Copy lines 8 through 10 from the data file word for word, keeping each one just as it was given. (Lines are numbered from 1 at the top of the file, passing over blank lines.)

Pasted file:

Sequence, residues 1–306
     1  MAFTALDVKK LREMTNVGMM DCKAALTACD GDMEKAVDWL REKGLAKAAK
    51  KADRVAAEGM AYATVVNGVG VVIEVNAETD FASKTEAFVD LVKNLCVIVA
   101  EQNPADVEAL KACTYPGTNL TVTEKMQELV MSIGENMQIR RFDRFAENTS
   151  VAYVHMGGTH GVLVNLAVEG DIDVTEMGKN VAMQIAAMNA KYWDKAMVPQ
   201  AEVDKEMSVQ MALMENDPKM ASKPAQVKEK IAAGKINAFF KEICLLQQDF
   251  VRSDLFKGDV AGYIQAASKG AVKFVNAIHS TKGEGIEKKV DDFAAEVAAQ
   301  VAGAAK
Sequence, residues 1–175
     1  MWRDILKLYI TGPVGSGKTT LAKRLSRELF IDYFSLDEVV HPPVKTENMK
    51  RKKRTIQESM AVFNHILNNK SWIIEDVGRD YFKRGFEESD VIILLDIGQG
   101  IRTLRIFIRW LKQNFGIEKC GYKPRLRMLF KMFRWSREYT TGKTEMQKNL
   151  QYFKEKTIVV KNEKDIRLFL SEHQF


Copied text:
   301  VAGAAK
Sequence, residues 1–175
     1  MWRDILKLYI TGPVGSGKTT LAKRLSRELF IDYFSLDEVV HPPVKTENMK